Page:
Hurricanes. Wildfires. Mudslides. When natural disasters strike, the nation often responds by sending in the National Guard and Reserve. In military missions our nation supports around the world, the Guard and Reserve makes up nearly half the total force. In addition to these familiar roles, increasingly, Guardsmen and Reservists are working behind the scenes to take on a less visible, but no less daunting mission: protecting our nation’s cyber infrastructure.

Cyberspace has been called the fifth domain of warfare, a virtual dimension existing alongside land, sea, air, and space. The Department of Defense (DoD) recognizes cyberspace as a critical battleground and is drawing up its forces in that realm. The Guard and Reserve are playing a key role in these battles where enemies are unseen and the potential risks to our way of life incalculable.

Getting the Job Done

Across the country — from the Air Force Distributed Common Ground System to the 177th Information Aggressor Squadron and Maryland’s 175th Cyberspace Operations Group — Guardsmen and Reservists are monitoring networks, collecting and analyzing intelligence data, conducting exercises, and responding to threats.

During the 2016 presidential election, Ohio brought in its own National Guard to defend the election system against hackers in that key battleground state. The Ohio National Guard’s elite cyber unit was the first in the nation to be tapped for such a task.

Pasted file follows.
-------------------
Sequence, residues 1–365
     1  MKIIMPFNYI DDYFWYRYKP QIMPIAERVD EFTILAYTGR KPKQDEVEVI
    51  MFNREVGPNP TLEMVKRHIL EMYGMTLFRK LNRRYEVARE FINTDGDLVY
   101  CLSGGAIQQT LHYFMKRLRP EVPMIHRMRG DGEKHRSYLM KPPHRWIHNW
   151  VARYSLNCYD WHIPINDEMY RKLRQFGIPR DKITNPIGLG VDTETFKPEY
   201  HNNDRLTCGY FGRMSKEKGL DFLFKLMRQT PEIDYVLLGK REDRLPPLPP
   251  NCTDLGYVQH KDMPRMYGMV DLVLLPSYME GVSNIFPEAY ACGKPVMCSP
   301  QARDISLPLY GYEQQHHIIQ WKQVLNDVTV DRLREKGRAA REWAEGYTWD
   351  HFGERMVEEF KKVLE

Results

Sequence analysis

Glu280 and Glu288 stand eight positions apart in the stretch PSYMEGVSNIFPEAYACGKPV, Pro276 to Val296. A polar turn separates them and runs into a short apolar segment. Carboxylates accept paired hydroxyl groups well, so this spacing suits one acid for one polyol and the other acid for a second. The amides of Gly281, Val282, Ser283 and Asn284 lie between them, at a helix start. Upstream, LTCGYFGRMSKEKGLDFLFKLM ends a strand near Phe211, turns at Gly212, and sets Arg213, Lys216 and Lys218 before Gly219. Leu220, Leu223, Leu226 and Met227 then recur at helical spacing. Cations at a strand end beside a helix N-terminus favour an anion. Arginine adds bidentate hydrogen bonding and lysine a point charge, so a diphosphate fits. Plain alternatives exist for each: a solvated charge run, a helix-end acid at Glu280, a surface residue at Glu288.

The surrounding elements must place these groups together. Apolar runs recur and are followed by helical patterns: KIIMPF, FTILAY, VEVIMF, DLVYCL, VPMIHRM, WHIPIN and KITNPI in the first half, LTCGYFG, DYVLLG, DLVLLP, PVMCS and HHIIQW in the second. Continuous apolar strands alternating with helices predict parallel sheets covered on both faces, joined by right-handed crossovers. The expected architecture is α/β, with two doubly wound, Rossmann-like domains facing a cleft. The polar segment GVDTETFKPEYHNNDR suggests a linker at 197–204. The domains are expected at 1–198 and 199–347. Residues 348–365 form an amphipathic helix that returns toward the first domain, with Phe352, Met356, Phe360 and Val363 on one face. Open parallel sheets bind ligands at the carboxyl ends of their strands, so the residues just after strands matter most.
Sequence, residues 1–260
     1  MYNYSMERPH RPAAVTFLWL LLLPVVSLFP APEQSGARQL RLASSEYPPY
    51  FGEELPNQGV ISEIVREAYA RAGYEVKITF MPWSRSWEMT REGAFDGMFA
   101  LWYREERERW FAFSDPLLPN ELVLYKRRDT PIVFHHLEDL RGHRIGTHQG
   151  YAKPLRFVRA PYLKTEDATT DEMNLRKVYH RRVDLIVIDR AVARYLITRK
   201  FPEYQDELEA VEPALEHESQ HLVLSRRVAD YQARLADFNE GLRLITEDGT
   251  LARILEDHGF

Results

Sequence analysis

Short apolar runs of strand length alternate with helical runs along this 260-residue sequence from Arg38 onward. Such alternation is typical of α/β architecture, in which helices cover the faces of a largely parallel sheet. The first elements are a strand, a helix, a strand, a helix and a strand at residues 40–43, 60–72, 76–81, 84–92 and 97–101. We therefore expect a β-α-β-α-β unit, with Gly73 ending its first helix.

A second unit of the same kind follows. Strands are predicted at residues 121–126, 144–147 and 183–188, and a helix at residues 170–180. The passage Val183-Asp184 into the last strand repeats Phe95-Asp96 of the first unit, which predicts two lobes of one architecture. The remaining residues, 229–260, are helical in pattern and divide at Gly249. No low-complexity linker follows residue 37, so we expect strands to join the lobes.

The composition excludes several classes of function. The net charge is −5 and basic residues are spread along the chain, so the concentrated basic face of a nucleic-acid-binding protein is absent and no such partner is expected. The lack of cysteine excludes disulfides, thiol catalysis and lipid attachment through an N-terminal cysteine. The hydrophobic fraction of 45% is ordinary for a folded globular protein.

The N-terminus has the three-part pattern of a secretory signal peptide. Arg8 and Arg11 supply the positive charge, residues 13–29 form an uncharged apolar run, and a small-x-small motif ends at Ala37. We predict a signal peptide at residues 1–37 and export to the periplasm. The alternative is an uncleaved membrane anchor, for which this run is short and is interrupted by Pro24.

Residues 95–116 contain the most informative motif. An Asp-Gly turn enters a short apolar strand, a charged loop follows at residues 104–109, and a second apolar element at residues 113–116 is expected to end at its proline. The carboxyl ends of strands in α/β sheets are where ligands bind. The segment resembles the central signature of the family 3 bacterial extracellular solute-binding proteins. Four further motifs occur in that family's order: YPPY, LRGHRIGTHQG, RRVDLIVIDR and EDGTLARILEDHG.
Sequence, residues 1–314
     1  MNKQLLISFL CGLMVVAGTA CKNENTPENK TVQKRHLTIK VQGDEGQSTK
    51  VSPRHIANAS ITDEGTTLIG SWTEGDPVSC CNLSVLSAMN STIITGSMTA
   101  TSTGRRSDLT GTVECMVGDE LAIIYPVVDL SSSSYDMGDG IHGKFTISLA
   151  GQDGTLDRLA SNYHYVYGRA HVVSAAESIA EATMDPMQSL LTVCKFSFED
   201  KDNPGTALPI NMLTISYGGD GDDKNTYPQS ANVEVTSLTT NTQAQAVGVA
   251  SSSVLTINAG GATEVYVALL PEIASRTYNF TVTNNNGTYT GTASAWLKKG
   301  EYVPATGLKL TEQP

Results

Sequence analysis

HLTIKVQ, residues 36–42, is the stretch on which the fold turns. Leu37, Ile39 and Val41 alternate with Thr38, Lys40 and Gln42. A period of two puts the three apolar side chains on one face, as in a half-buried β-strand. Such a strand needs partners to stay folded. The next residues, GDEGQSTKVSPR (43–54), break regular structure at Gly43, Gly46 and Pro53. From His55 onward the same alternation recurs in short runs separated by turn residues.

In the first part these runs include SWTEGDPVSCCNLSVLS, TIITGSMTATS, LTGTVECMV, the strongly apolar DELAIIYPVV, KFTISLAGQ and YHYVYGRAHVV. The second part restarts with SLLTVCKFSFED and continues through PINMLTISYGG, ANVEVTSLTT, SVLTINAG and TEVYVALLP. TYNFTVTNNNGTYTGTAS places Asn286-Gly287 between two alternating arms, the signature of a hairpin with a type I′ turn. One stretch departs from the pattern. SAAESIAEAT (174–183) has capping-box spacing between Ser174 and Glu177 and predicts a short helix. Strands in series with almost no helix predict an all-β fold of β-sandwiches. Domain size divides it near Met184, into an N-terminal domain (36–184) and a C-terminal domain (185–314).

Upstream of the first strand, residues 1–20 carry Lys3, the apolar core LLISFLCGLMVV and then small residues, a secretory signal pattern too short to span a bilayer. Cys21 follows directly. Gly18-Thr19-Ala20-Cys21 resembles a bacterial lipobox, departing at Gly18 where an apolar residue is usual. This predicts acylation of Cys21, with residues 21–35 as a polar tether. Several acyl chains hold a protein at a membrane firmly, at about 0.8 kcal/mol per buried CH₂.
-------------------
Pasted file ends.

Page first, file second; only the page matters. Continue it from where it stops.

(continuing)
In August of 2017, U.S. Army Cyber Command formed Task Force Echo. It is the first full-time Army National Guard cyber unit, representing the largest mobilization of cyber forces from reserve units ever assembled. The 138 members of Task Force Echo were recruited because of their existing cyber expertise.


Members of Task Force Echo render a salute during a transition of authority ceremony at Fort Meade, Md., Aug. 15, 2017. Task Force Echo was the largest mobilization of cyber forces from reserve units ever assembled. It operates under the 780th Military Intelligence Cyber Brigade. (Photo by Joe Lacdan)

Col. Adam Volant, the commander of Task Force Echo, said, “We are military trained, but we also bring an abundant amount of experience from the private sector, from government (and) from academia. The Soldiers in my formation are really information technology professionals. They work for major defense companies. They work for the government. They work for all the major brands that do technology and cyber.”

With this draw-up of military cyber expertise comes intense training — and a lot of it. While service members may be sitting in front of computer screens, the mental flexibility required is grueling. In April of last year, members of the National Guard and Army Reserve came together for Cyber Shield 17, an exercise in which “Red Cell” members played adversary hackers attempting to infiltrate “Blue Cell” cyberinfrastructure. Members of the Blue Cell aggressively defended their systems, a task designed to challenge them to their breaking points.